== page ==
The governors of New York and Minnesota issued orders that no state employee should travel to North Carolina, a tactic previously used to pressure states not to enact Religious Freedom Restoration Act statutes patterned on the federal RFRA statute. The latter grants exemptions based on religious conscience to statutes that are facially neutral, absent the showing of a compelling state interest against such a religious exemption.
As has so often been the case recently, corporate America did not just jump on the political correctness bandwagon; it attempted to lead the parade. PayPal announced in the wake of the North Carolina statute that it was canceling plans to open a major new center in Charlotte. Curiously, PayPal’s original plans preceded the Charlotte ordinance, and all the legislature did was restore the status quo ante. Even harder to explain is the fact that PayPal does business in Muslim countries where LGBT rights are unheard of and homosexuals are subject to the death penalty.
Target, America’s second-largest chain of discount retail stores, responded to the North Carolina legislation by announcing that bathrooms in its stores would henceforth be on the basis of gender self-identification.
In response, a petition to boycott Target until it reversed its bathroom policy quickly garnered over one million signatures, and Target’s stock lost, as a consequence, approximately $2.5 billion in value.
One can only imagine Common Sense’s schadenfreude had he still been around.
DEMANDS THAT those claiming to be transgendered be allowed to use whatever bathroom or locker room they choose is part of a larger culture of victimhood. The campaign against North Carolina is premised on the minority status of transgendered people.
The smaller the minority – in this case approximately 0.3% of the population by most estimates – the greater the victimhood entitlement. The desires of transgendered (or those claiming to be such) – as victims – with respect to restrooms and locker rooms ipso facto take precedence over those of the large majority of women, for instance, who will be extremely uncomfortable sharing locker-room showers with those who are anatomically males.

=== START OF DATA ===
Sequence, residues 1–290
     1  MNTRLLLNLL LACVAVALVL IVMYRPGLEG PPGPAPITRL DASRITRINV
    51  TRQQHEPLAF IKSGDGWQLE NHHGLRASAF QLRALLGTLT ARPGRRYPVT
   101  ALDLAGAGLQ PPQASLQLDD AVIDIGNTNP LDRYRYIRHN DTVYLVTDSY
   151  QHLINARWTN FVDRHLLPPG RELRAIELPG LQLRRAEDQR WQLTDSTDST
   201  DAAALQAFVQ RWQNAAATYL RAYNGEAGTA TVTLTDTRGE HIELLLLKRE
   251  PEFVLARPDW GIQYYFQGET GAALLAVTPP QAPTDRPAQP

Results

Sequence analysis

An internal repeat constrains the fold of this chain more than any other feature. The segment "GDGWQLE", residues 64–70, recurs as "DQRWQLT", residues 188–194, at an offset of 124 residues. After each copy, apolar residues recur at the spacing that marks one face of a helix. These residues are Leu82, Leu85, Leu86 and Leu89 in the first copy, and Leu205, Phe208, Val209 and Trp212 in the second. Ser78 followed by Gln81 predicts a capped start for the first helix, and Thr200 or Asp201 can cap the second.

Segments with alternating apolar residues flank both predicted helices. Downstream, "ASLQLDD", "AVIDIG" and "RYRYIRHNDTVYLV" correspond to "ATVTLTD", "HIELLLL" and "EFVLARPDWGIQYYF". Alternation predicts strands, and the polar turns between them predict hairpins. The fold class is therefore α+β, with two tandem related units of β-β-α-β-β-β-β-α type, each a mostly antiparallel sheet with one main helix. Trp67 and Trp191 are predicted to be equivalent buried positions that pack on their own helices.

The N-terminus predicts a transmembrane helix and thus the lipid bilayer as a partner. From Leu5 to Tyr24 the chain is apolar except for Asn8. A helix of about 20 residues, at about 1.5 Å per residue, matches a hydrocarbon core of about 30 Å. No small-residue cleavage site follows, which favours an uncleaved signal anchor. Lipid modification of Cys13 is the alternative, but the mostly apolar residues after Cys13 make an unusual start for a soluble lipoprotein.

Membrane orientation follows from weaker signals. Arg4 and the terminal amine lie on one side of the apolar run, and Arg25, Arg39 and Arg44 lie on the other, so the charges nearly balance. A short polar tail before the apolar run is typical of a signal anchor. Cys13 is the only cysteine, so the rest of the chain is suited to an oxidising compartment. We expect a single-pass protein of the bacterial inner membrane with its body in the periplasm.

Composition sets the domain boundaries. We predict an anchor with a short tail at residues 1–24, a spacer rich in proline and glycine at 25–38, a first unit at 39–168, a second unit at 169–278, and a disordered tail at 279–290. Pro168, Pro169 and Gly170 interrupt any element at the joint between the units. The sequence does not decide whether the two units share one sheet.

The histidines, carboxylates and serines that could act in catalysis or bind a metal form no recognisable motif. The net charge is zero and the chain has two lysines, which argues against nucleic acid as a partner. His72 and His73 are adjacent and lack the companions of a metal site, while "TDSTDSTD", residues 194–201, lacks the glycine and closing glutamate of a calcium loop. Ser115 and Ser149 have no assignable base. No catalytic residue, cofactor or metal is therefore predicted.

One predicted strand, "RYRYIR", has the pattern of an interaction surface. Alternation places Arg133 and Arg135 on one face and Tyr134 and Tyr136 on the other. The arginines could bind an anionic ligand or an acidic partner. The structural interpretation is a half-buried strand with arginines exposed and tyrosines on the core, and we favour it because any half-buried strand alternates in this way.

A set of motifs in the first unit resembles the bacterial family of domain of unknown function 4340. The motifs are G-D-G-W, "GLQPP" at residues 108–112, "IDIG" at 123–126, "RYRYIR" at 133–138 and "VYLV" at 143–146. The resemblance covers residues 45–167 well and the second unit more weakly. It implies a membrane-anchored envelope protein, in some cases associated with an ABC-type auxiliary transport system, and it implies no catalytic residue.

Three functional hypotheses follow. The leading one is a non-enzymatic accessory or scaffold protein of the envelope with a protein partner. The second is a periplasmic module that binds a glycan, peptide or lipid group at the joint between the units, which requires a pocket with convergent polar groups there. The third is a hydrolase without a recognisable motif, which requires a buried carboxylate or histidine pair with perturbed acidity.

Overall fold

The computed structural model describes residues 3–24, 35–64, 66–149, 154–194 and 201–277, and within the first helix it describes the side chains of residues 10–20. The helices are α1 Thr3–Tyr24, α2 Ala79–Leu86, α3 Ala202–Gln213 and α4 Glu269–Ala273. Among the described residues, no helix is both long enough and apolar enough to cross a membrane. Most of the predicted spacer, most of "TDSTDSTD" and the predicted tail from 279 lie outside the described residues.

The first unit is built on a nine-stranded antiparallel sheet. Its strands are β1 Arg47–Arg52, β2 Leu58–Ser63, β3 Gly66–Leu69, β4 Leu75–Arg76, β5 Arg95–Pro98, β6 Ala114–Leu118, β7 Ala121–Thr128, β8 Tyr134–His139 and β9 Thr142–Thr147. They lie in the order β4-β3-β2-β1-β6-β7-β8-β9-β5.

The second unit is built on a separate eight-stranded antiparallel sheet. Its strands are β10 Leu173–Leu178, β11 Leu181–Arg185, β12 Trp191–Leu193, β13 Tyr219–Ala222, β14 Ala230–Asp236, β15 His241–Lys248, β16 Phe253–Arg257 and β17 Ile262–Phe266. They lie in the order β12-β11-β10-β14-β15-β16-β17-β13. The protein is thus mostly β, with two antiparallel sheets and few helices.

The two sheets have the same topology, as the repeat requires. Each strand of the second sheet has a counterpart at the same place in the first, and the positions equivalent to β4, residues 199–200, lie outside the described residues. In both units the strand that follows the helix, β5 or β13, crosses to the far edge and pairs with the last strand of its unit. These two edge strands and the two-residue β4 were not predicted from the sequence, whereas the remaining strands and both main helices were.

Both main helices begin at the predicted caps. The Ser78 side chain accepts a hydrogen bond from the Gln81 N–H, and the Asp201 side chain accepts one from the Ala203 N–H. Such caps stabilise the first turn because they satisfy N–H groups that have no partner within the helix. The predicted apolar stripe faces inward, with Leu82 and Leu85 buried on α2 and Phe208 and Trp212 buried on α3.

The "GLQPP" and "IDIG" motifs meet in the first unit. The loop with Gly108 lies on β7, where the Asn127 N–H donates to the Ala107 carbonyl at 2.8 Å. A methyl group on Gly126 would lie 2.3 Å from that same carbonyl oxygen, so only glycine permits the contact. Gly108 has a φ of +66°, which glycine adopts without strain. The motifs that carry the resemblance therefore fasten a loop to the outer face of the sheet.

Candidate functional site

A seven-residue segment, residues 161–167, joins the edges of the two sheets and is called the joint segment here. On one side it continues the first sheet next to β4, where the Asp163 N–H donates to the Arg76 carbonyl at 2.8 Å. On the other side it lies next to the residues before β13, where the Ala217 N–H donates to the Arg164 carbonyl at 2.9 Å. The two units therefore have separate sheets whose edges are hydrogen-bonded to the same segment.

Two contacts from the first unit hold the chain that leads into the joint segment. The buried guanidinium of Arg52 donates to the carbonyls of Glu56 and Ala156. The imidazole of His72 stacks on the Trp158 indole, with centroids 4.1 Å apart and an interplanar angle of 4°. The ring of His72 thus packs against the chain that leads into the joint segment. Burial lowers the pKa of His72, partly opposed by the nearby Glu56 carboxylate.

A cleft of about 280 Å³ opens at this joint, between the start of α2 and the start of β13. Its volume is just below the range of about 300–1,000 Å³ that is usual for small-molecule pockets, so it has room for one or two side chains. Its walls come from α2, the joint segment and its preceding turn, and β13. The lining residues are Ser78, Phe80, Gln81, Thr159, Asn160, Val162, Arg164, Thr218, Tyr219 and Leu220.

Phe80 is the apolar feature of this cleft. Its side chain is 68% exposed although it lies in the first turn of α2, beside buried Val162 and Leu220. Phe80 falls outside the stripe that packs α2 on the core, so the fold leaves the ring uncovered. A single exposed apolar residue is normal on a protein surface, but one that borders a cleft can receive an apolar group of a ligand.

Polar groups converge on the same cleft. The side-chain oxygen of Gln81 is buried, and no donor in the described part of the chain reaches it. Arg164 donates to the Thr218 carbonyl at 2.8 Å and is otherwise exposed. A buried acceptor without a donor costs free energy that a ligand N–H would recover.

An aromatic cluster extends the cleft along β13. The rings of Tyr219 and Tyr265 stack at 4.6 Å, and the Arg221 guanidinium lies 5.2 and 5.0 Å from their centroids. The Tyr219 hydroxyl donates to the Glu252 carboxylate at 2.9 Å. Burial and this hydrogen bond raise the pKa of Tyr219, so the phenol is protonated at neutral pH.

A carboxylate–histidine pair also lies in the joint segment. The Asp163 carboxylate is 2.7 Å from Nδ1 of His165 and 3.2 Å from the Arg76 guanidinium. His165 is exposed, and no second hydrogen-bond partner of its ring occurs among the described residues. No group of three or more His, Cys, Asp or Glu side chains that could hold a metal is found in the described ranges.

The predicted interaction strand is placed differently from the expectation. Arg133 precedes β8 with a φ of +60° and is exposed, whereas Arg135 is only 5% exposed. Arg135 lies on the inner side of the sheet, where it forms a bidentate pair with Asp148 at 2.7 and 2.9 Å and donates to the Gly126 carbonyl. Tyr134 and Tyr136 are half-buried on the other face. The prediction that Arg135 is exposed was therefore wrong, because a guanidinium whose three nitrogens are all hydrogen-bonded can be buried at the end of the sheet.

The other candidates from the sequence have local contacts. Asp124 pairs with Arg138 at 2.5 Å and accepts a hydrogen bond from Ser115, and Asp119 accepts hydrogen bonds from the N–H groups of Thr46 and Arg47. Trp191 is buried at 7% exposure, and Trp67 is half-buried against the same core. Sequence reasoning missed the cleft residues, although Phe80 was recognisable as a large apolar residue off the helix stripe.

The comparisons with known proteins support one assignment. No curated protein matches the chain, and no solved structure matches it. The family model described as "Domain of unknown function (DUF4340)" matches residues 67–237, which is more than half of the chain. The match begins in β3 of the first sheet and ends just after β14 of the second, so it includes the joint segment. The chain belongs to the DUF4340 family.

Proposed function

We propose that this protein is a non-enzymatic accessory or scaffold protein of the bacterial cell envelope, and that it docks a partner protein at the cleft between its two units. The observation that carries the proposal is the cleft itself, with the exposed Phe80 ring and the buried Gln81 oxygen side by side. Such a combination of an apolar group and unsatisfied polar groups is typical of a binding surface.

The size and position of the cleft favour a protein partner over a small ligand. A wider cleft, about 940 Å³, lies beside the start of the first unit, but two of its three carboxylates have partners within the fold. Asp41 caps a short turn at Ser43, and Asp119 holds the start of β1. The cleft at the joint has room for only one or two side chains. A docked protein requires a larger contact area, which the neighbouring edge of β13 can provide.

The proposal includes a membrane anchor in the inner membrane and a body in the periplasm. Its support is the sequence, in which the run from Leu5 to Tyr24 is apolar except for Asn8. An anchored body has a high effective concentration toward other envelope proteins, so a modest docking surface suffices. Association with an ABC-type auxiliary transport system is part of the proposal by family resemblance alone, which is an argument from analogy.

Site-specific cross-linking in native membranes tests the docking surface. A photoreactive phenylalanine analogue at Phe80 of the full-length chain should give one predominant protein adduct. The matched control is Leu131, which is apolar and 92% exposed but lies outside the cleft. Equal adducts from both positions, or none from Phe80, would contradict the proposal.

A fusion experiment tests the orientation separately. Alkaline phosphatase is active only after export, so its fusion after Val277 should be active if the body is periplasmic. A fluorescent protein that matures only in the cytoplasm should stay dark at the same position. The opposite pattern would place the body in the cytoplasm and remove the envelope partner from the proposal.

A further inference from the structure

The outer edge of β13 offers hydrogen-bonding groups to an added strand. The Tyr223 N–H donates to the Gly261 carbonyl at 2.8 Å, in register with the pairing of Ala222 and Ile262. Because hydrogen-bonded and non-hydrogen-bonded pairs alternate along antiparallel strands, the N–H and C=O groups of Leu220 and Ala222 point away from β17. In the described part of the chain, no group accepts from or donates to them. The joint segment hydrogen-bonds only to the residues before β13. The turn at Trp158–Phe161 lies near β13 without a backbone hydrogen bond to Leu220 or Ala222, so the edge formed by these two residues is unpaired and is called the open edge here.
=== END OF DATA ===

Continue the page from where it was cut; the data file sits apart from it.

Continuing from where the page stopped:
The celebration of victimhood leads to weird contests to determine whose victimhood is greater. (Jews need not apply.) They remind me of Queen for a Day, a TV show of my youth, in which three contestants each told a tale of woe. Whoever’s sad story garnered more sympathy, as measured by the audience applause meter, became Queen for a Day, with all kinds of accompanying prizes.
No group has been more successful in the victimhood sweepstakes than Muslims. After every act of Muslim terrorism, the first concern of the authorities is that no one should say it has anything to do with Islam.
Islamic misogyny gets a complete pass from Western feminist groups, even as they find ever more causes for outrage at home, despite women’s growing ascendancy in higher education and the learned professions.
Homosexuals demonstrate against Israel on behalf of Islamic regimes where they would be subject to death.
It is precisely such affronts to the late Common Sense that have helped fuel the rise of Donald Trump, who, sadly, confuses anti-PC with assaults on common decency and civility.
Perhaps the one place in the Western world where Common Sense still breathes is Israel. I’m reminded of that fact every time I leave the country without having to remove my shoes and belt because someone has actually given thought to the likelihood of my blowing up the plane on which I will be flying.
The close proximity of enemies bent on our destruction creates a certain reality-testing in Israel. Western countries face many problems, some huge. But they remain for the time being affluent by all historical standards.
And citizens do not live with a sense of constant threat. In those circumstances, the intellectuals who control the universities and organs of culture, and who as a class are always alienated from their countries, are free to obsess over issues such as the most soothing public bathrooms for the transgendered.
In Israel, we do not enjoy that luxury, and are better off for it. ■
The writer is director of Jewish Media Resources, has written a regular column in The Jerusalem Post Magazine since 1997, and is the author of eight biographies of modern Jewish leaders.